Of all the pictures we have of Miriam (Eli) as a young child, this is probably my favorite.
It's an autumn evening, some time before Miriam's first birthday. I've just got home from work - maybe four straight hours of teaching math to Oxford students - good work but demanding. And I have not even had time to take my tie off before I'm swamped by the waves of joy coming from this strong-willed little person. (To the right of the picture my guitar awaits - Miriam loved music.)
It's that enormous joy that I remember so clearly from Miriam's childhood, a joy which began to explode into talk and friendship and sharing soon after this picture was taken. It is that which I am so bitter at mental illness for taking away, so that instead of the bright shining light it was during childhood, joy began to fizzle and sputter like a defective bulb - sometimes there, sometimes hidden but reachable, sometimes seemingly absent - as Eli grew to be an adult. Until darkness fell.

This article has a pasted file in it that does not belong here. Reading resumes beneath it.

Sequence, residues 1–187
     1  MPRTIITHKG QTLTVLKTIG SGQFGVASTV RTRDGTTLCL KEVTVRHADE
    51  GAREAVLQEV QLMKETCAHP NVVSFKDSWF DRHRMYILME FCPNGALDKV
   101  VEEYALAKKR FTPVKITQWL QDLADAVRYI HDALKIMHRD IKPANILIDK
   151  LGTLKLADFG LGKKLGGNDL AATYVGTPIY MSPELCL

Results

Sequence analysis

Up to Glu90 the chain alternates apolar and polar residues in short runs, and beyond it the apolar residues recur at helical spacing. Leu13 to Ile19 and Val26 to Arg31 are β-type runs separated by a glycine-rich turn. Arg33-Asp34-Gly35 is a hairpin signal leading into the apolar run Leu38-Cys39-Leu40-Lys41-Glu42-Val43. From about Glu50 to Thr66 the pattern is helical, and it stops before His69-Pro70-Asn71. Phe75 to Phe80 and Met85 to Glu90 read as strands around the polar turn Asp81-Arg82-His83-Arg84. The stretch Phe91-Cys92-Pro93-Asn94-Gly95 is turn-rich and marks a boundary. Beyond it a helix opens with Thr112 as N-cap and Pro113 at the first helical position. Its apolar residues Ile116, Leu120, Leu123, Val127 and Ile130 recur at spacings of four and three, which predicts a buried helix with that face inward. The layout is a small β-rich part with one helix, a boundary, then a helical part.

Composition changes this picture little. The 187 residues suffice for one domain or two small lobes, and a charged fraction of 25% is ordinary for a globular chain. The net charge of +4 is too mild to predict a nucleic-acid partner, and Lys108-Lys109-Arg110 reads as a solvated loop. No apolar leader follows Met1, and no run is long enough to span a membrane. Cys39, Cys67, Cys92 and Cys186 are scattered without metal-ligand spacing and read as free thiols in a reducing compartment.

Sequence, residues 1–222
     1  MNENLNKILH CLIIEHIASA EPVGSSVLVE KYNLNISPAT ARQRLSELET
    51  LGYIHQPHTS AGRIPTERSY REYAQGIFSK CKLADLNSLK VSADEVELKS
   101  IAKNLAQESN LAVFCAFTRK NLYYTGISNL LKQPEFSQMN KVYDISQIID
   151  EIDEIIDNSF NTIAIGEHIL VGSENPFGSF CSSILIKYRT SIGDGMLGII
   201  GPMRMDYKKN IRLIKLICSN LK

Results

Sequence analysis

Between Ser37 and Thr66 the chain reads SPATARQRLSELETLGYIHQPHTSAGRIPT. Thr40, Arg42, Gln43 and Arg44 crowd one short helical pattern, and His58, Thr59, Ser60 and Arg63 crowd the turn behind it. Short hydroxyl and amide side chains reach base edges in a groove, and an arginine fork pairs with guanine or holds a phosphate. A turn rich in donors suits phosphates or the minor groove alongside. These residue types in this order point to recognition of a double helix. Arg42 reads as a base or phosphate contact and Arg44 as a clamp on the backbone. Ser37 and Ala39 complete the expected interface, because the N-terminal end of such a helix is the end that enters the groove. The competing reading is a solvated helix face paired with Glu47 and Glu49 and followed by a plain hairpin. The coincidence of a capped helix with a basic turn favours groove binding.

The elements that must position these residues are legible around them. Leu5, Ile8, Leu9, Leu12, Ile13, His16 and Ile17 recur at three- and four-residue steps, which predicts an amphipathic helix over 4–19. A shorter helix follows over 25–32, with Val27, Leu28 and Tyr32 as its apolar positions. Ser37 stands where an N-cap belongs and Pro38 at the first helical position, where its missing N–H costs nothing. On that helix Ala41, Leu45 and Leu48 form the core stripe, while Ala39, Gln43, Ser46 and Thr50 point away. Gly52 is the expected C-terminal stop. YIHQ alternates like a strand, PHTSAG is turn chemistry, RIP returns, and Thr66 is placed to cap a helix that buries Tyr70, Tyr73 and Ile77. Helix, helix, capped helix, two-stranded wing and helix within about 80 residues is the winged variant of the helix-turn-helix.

But that grief does not erase the childhood joy. Looking at the giant grin in this picture, I can still feel it.
For those who, like me, believe that in the end God's love will win out and wipe away every tear - it's important that we don't do the opposite thing either, and pretend that the final joy will erase the suffering that Eli endured, or that we have endured. Indeed, the final joy is somehow only possible because God in Jesus walked the road of suffering to its end.
So we will face the road ahead - maybe "good work but demanding", maybe a road more marked by pain and loss. These are real; but as we go, we will look forward to reaching our home. And again being swamped by waves of joy.
As C.S.Lewis wrote, "Joy is the serious business of Heaven".